Samstag, 21. April 2012

Chocolate poppy seed cake with pineapple spread


Sorry I don't have much time these days. In fact I did not cook anything since last weekend (I made 50 Gyoza but had no time to post something because I was departing to my next destination). Right now I made lots of journeys and there will be some more. I lived on restaurant food. Not that bad but I am quite exhausted. I am so glad it is weekend, I am home and I may ruin my own kitchen to my hearts content. A chocolate cake is perfect for a kitchen workout.

Right after the end of the easter holidays one does not like to eat leftover chocolate easter bunnies and eggs anymore. There are always some chocolates which did not taste as good as they should after eating them on and on for days.  Most of the time I make good use out of them baking a cake – no wonder there also exists a family tradition about after x-mas chocolate cakes.
3-layered cake

The tradition developed since my kid hated to eat chocolate (and still does) quite a lot but insisted on receiving chocolate easter bunnies, eggs and chocolate Santas as his friends. Don’t ask. Kids, whatever makes them happy.
My husband is still addicted to chocolate so I prepared a huge easter nest for him with all different kinds of chocolate candies and a big golden easter bunny.  As usually there were some leftovers.

Slaughtered easter chocolates and cuverture:

  •  250 g chocolate (dark prefered)
  • 250 g poppy seed paste (store bought; some kind of sticky steamed poppy seeds, processed with sugar)
  • 100 g butter, diced
  • 6 egg yolks – beaten until soft peaks form
  • 6 egg whites
  • 150 g flour
  • 12 g baking powder
  • 1 pinch salt
  • 2 shots rum
  • 150 g fresh pineapple chopped
  • 150 g jam sugar
  • 1 small orange, juice and 1 teaspoon zest
  • 2 tablespoons jam (apricot jelly jam)
Glaze:
  • 250 g chocolate (too much, half will do)
  • 70 g butter (too much, half will do)

Melt butter and chocolate at 36 degree C in a double boiler.
Mix egg yolks and poppy seed paste until fluffy and smooth add the melted chocolate and rum. Mix and add flour sieved together with baking powder, mix only a short time. Gently fold in the egg whites until somewhat combined. I did not use any additional sugar, the poppy seed paste is terrible sweet and the chocolate too.
Fill into a greased spring form (I took one made of silicone) and bake 35-40 min at 180 degree C or until a toothpick probe comes out nearly clean.
Let cool down on a rack. Cut into 3 layers. For cutting I used a thread not a knife! The cake is very tender and soft so a thin thread will do a better job than a knife.
Meanwhile blend pineapple chunks with a blender. Stir in orange juice, zests and jam sugar and boil for 3 minutes.  We need a rather thickly jam, if the cold jam is too runny boil a few minutes longer.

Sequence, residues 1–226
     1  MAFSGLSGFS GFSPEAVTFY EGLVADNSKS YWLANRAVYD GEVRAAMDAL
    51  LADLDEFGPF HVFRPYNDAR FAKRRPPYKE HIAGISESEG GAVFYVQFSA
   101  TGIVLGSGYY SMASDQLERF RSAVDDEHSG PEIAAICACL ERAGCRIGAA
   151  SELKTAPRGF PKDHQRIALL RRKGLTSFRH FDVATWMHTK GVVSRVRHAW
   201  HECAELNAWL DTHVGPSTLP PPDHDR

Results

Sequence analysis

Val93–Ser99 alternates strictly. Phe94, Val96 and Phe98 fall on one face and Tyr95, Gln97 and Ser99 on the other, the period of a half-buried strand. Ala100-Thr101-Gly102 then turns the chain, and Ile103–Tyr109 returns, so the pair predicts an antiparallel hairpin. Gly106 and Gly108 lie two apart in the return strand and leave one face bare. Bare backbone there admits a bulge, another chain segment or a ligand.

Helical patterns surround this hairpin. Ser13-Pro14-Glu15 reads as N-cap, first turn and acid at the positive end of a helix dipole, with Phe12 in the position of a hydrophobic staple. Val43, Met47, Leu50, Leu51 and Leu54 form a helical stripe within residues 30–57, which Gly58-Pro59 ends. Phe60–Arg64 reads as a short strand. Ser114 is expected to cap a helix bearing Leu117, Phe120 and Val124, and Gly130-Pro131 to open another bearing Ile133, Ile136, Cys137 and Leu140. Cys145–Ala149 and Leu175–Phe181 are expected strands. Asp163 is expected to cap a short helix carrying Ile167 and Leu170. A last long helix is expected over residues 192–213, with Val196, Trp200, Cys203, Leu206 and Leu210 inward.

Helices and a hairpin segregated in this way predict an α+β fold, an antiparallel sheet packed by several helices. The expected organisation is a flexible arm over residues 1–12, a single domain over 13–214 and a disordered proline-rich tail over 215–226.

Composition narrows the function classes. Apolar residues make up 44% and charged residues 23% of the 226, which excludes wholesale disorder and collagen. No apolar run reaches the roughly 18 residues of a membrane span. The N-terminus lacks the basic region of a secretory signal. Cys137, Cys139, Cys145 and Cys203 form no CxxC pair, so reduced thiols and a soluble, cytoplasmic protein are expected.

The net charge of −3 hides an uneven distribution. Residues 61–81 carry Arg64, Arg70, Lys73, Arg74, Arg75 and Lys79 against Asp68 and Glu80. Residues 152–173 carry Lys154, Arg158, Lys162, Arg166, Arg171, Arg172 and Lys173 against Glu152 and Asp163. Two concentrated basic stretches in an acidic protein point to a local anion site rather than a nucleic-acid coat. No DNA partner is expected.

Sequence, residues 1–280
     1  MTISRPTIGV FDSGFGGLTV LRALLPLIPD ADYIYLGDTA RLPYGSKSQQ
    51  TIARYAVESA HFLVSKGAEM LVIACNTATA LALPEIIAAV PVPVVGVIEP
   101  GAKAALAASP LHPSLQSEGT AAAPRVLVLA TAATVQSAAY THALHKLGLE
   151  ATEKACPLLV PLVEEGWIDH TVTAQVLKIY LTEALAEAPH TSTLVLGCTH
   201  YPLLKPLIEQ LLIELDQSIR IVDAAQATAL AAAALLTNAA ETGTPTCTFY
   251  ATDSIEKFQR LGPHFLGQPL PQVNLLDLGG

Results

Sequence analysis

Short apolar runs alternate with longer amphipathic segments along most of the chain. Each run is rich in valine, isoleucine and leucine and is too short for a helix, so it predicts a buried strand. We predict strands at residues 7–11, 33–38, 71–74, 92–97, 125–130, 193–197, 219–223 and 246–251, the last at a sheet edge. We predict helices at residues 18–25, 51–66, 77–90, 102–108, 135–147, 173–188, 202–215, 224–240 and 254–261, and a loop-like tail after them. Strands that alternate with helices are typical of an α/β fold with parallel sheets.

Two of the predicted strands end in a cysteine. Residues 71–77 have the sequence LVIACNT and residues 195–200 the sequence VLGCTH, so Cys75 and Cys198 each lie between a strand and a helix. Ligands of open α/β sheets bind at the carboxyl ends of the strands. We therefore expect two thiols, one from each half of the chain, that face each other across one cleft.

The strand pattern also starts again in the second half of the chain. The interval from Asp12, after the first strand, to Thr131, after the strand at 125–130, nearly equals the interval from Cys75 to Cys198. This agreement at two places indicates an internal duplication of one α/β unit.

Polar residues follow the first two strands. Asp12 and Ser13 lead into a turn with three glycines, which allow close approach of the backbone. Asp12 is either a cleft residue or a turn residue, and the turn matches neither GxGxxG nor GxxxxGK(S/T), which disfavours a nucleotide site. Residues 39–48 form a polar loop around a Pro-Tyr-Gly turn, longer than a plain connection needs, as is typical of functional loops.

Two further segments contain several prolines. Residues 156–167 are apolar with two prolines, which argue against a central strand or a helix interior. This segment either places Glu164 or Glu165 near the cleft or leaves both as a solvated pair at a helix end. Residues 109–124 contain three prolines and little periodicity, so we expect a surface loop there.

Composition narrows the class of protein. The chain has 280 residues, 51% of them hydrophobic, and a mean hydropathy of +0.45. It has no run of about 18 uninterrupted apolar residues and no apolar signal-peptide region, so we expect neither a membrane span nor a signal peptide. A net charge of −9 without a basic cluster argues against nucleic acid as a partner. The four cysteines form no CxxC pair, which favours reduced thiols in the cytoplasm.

Spread half of  jam  over the first layer, cover with the second layer, spread the rest of the jam, cover with the third layer. Heat the jelly in the microwave and brush top and sides of the cake with the liquid.
Melt chocolate and butter in a double boiler on very low heat: Chocolate temperature 36 degree C max. Cover the cake from all sides and the top with the glaze (let cool the chocolate down and reheat once before!)

I prepared  too much glaze, so I made some chocolate candies - just an adult ganache in a small foil form


To nearly ½ of glaze (leftover)  I added:
  • 1 tablespoon cream
  • 1 shot plum brandy
  • 6 soft damszene plums, chopped (soaked in the shot above)
  • 1 handful almond cookies (Amarettini) crumbled
Stir and fill in forms.
Mix 1 pinch brown sugar with 1 small pinch cinnamon and sprinkle in the middle. Set a small slice of damaszene plum on top.

Kommentare:

Hiroyuki hat gesagt…

It must be very tough for you not being able to cook or eat properly for weeks!

Poppy seed paste? It sounds very interesting. In Japan, you can only see some poppy seeds on top of "an pan" (sweet buns with bean jam filling).

Fräulein Trude hat gesagt…

Poppy seed cakes are very common in Germany, but poppy seed paste is rather hard to prepare at home. For grinding you need a special mill, than the seeds must be steamed or cooked with milk. Therefore they sell preprocessed poppy seeds as a paste. It reminds on red bean paste concerning the texture. Somewhere I read that this kind of paste is forbidden in the US but the poppy seeds in use for cooking and baking in the EU have only a very small content of opium left. But in former times the poppy seeds in use were loaded.
Yes, it is hard - I have to work like crazy until end of may (crunch time).